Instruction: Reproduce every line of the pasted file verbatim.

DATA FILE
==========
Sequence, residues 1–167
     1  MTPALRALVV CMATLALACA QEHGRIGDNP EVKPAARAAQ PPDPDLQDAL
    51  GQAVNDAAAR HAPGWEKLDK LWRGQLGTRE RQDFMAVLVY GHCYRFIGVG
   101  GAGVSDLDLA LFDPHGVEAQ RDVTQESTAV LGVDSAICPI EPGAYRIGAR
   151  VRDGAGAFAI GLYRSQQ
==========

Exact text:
Sequence, residues 1–167
     1  MTPALRALVV CMATLALACA QEHGRIGDNP EVKPAARAAQ PPDPDLQDAL
    51  GQAVNDAAAR HAPGWEKLDK LWRGQLGTRE RQDFMAVLVY GHCYRFIGVG
   101  GAGVSDLDLA LFDPHGVEAQ RDVTQESTAV LGVDSAICPI EPGAYRIGAR
   151  VRDGAGAFAI GLYRSQQ